REVIEWED BY DAVID M. KINCHEN
Toward the end of “The Investor’s Paradox: The Power of Simplicity in a World of Overwhelming Choice” (Palgrave Macmillan, 256 pages, notes, index, foreword by Ted Seides, $27.00) beginning on page 183, author Brian Portnoy has a chapter entitled “Parsing Lake Woebegon.”
It’s the place humorist Garrison Keillor describes so vividly in “A Prairie Home Companion” as a town where “all the women are strong, all the men are good looking and all the children are above average.”
What does this have to do in a book where an investment expert leverages insights from psychology, finance, and history to illuminate a path toward success in today’s daunting markets?
The “Lake Woebegon Effect” is very much in evidence in the world of fund management and investing generally, Portnoy says in a very readable book, adding that in a career devoted to picking winners, “I can’t think of a single instance where a portfolio manager I was interviewing didn’t tell me he was better than the rest.”
Portnoy reminds up — as if we needed reminding — that investors are in a jam. A troubled global economy, unpredictable markets, and a bewildering number of investment choices create a dangerous landscape for individual and institutional investors alike. To meet this challenge, most serious investors rely on a portfolio of fund managers.
“The Investor’s Paradox” describes a path toward simplicity in a world of dangerous markets and overwhelming choice. Written in accessible, jargon-free language, with a healthy skepticism of today’s money management industry, it offers not only practical tools for investment success but also a message of empowerment for investors drowning in possibility.
Portnoy delivers a powerful framework for choosing the right ones — and avoiding the losers. Portnoy writes that the right answers are found by confronting our own subconscious biases and behavioral quirks.
A paradox we all face is the natural desire for more choice in our lives, yet the more we have, the less satisfied we become — whether we’re at the grocery store, choosing doctors, or flipping through hundreds of TV channels. So, too, with investing, where there are literally tens of thousands of funds from which to choose. Hence “the investor’s paradox”: We crave abundant investment choices to conquer volatile markets, yet with greater flexibility, the more overwhelmed and less empowered we become.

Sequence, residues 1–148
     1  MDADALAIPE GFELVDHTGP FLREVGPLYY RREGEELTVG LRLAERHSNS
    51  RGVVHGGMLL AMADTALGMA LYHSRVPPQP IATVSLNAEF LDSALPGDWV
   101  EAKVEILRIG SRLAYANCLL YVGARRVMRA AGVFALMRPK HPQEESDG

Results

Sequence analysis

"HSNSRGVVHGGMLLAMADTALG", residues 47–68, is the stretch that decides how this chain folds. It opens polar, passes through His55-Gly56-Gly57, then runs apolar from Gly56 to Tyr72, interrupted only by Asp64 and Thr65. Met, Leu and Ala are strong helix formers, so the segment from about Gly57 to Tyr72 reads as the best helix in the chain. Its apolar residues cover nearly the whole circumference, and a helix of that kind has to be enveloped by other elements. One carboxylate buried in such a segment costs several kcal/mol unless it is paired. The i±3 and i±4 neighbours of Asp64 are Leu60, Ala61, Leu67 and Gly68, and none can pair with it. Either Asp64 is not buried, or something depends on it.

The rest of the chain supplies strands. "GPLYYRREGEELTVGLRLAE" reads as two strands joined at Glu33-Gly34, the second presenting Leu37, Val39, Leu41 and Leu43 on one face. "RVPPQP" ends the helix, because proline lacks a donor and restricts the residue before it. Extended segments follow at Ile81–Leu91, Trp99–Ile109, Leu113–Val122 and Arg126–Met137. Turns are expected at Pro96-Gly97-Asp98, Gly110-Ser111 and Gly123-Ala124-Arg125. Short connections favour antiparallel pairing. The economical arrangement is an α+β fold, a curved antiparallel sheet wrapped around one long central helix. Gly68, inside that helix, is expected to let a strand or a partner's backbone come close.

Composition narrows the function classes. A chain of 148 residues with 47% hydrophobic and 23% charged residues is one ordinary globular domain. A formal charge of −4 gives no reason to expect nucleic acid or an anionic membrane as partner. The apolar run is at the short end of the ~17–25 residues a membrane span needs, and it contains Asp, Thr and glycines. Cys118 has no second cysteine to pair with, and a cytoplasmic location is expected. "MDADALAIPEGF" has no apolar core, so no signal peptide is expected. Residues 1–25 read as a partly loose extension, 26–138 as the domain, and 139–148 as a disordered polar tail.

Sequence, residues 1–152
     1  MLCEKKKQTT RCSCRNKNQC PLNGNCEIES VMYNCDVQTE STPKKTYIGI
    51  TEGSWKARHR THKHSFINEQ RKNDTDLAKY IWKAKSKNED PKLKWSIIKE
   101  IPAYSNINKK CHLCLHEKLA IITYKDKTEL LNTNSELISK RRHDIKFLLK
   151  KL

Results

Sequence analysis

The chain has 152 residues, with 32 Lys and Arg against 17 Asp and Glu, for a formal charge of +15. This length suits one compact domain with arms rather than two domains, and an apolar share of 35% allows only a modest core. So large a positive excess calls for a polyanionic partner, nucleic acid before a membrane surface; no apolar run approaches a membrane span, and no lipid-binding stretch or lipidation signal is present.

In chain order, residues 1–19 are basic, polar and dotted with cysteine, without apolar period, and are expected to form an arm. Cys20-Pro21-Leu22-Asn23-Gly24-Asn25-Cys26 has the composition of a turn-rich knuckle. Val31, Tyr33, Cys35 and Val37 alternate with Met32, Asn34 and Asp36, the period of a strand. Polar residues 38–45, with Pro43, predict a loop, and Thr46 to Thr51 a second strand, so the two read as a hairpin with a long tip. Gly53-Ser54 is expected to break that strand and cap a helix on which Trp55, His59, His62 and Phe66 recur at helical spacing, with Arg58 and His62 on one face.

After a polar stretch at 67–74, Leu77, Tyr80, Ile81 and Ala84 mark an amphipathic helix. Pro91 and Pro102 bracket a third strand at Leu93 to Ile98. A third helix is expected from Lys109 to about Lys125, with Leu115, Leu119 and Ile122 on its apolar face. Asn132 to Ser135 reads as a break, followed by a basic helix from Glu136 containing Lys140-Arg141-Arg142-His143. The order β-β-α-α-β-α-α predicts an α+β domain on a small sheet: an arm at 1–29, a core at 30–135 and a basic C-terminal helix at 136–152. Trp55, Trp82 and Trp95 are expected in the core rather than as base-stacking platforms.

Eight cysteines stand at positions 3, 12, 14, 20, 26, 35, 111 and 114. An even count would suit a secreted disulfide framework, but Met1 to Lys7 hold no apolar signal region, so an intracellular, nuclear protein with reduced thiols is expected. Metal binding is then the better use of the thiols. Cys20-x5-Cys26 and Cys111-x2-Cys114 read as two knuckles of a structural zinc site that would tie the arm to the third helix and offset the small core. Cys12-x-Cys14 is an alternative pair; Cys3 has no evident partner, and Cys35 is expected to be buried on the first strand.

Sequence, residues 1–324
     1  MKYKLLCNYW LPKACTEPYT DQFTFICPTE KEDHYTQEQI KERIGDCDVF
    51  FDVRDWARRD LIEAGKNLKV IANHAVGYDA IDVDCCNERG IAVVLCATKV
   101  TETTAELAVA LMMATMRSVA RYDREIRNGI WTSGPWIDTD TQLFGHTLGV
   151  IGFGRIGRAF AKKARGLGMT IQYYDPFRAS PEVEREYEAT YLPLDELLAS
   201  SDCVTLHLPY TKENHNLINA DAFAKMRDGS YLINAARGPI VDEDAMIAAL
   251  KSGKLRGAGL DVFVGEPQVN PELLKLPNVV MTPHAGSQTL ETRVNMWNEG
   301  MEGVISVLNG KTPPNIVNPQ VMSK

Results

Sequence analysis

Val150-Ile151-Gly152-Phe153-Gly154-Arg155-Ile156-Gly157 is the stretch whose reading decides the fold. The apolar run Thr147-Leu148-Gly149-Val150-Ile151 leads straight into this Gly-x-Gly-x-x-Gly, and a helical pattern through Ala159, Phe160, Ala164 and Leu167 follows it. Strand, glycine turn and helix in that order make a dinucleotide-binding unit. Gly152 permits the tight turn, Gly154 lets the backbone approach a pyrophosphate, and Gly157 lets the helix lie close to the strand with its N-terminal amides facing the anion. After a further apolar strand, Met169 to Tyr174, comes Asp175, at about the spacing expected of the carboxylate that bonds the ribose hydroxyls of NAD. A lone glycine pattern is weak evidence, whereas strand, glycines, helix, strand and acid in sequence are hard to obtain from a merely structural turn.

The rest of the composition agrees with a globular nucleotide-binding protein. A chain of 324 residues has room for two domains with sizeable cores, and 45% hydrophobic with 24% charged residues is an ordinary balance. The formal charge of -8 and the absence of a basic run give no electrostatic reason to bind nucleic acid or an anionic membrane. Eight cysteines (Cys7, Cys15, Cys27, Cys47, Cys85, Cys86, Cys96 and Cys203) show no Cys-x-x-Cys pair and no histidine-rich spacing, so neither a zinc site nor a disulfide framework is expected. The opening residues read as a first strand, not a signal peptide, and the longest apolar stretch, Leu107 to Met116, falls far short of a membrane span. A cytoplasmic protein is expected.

Leveraging the fresh insights of behavioral economics, Portnoy demystifies the opaque world of elite hedge funds, addresses the limits of mass market mutual funds, and discards the false dichotomy between “traditional” and “alternative” investments. He also explores why hedge funds have recently become such a controversial and disruptive force.
It turns out it’s not the splashy headlines — spectacular trades, newly minted billionaires, aggressive tactics — but something much more fundamental. The stratospheric rise to prominence and availability of alternative strategies represents a further explosion in the size and complexity of the choice set in a market already saturated with products. It constitutes something we all both crave and detest.
If you’re a serious investor — or want to become one — “The Investor’s Paradox” is a must-read, and re-read, book.
About the Author
Brian Portnoy, Ph.D., CFA has been successfully researching, advising, and investing in hedge funds and mutual funds for the past fourteen years. He is currently the Head of Alternative Investments and Strategic Initiatives for Chicago Equity Partners, a $10 billion asset manager. Previously, Portnoy held senior roles at Mesirow Advanced Strategies and Morningstar, the world’s premier research shop on mutual funds. He has spoken at numerous investing conferences across the U.S., Europe, and Asia, and has appeared frequently in major media outlets such as CNBC and the Wall Street Journal. Prior to his investing career, Brian pursued his research and teaching interests in political economy and markets at the University of Chicago, where he earned his Ph.D. in 2000. Brian Portnoy is a CFA Charterholder and a member of the CFA Society of Chicago.